Does the state have an exemption where I can protect my refund or would it be best if I file in April after receiving and spending my return? 24 Answers as of January 20, 2015

I have no assets except furniture which is worth about $2000.00 at the most. I am expecting an $8600.00 tax refund and I want to file bankruptcy.

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GARCIA & GONZALES, P.C.
GARCIA & GONZALES, P.C. | Richard N. Gonzales
Earned Income Credit and Child Tax Credit are exempt. I would file after receiving the refund and spending the money (for example, your legal fees to file BK, food, rent or mortgage payments, day care expense, new tires for your car, tune up for your car, and if you are buying your home, any fix up work the house needs). I would pay an experienced BK lawyer where you live for one hour of his or her time so you don't make any mistakes. You may have to account to the Trustee for how you spent the money. But an experienced BK lawyer will cover all of this with you.
Answer Applies to: Colorado
Replied: 1/20/2015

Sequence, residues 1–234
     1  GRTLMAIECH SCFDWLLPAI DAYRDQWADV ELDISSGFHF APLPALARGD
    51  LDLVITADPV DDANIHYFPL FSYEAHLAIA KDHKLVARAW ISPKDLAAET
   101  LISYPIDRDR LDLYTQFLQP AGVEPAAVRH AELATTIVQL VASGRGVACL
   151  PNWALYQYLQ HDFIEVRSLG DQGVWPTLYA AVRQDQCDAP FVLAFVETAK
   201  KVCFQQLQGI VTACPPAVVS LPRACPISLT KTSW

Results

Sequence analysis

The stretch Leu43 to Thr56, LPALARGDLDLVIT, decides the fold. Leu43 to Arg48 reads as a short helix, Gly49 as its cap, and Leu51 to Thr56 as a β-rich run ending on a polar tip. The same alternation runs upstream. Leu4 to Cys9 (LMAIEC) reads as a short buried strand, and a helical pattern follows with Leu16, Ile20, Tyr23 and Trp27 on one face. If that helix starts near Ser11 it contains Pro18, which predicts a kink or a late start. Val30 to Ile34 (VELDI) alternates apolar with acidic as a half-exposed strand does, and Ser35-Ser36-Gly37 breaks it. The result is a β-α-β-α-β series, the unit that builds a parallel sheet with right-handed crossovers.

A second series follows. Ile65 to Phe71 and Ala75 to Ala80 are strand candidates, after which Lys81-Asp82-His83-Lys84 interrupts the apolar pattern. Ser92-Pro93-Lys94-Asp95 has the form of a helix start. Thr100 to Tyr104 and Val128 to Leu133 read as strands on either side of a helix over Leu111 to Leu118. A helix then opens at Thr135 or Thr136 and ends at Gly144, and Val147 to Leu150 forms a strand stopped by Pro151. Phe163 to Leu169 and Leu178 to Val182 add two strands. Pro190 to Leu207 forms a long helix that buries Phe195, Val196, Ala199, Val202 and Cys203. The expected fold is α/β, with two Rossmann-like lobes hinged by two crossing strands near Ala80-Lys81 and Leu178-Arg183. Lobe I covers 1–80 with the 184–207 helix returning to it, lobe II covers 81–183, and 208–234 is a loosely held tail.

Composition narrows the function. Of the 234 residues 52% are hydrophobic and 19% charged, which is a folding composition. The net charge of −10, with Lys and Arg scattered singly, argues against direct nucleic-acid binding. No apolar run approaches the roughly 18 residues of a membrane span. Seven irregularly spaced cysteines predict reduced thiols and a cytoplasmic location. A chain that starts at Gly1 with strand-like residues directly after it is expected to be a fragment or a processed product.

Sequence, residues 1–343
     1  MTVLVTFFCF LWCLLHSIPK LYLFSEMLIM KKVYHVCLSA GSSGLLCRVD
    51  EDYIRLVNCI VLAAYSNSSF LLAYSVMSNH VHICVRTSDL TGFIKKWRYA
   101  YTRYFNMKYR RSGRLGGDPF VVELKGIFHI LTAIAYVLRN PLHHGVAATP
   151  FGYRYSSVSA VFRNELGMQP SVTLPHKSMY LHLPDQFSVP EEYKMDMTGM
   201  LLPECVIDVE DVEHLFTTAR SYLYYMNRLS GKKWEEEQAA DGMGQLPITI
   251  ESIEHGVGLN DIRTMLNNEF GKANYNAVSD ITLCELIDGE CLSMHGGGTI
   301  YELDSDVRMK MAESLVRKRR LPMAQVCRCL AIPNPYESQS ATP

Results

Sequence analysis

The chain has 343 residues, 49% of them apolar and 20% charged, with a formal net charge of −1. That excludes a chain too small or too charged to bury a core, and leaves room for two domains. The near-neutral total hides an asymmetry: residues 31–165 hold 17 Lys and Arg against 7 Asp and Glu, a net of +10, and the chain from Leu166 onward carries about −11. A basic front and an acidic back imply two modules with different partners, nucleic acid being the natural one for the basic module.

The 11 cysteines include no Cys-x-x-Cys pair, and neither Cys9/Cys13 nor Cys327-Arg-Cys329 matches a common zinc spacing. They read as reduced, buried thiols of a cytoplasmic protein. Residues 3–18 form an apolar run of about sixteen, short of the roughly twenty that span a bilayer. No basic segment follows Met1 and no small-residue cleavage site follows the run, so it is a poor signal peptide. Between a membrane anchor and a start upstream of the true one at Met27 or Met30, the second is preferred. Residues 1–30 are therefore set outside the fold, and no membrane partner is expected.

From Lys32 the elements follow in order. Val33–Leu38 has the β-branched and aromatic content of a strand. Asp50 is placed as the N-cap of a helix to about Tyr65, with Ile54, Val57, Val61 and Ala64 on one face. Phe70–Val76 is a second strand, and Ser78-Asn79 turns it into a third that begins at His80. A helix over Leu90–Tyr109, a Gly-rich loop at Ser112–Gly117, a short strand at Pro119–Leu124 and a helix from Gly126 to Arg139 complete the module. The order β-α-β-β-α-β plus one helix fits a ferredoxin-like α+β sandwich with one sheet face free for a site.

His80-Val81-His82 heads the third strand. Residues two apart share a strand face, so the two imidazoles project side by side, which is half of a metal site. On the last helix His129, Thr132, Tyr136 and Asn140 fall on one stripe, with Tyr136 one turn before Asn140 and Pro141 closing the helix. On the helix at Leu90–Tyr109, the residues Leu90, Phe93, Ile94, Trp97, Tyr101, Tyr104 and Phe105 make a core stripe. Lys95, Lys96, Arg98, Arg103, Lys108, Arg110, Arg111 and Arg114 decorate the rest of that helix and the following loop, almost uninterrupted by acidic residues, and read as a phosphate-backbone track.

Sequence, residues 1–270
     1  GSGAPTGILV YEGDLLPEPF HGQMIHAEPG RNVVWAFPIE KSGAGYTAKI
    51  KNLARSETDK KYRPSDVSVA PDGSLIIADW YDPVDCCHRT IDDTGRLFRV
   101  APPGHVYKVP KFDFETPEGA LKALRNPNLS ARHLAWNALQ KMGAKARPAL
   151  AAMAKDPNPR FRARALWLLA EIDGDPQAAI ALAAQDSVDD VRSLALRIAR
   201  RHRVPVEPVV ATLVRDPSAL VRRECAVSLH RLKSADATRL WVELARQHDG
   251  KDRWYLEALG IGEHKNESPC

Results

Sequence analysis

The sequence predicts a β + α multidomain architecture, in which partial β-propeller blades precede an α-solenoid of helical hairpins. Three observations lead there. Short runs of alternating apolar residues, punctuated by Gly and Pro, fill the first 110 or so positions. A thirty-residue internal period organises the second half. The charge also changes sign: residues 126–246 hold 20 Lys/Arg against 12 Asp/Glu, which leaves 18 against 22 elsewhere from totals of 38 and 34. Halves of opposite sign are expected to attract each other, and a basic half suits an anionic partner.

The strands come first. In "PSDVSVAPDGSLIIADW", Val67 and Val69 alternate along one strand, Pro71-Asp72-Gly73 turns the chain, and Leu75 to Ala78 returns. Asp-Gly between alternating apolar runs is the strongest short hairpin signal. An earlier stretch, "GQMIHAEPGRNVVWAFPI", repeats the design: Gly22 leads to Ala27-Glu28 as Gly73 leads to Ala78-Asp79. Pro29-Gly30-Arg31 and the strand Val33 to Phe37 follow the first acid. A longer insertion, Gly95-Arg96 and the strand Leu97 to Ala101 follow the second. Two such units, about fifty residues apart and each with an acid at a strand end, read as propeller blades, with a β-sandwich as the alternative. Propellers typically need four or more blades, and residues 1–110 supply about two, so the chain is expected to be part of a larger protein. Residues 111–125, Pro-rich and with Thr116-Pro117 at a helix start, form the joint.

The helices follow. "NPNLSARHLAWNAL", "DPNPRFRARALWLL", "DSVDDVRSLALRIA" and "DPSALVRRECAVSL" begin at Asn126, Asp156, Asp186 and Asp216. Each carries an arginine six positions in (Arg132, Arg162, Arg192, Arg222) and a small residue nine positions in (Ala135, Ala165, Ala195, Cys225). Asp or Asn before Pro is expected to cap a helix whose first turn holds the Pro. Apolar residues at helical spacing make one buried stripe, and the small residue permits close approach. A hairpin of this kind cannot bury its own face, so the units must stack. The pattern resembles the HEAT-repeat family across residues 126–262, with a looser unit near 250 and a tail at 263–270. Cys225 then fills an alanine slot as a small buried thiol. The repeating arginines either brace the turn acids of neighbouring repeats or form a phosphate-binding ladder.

The Orantes Law Firm
The Orantes Law Firm | Giovanni Orantes
The California exemptions can protect about $25,000 (assuming you don't own a home with equity) so, you are safe filing asap.
Answer Applies to: California
Replied: 1/19/2015
The Law Office of Mark J. Markus
The Law Office of Mark J. Markus | Mark Markus
Yes, there are exemptions you can take to protect refunds, assuming you properly schedule the refund and take the proper exemption. Be sure you hire an experienced bankruptcy attorney to represent you.
Answer Applies to: California
Replied: 1/14/2015
Law Office of Marlin Branstetter
Law Office of Marlin Branstetter | Marlin Branstetter
In California there is an exemption referred to as the "wildcard" exemption that would allow you to protect your refund. It is C.C.P. Section 703.140(5).
Answer Applies to: California
Replied: 1/9/2015
A Fresh Start
A Fresh Start | Dorothy G Bunce
Nevada exemptions all you to keep the entire portion of your refund from EIC and you can apply your $1,000 wildcard to your pending tax refund.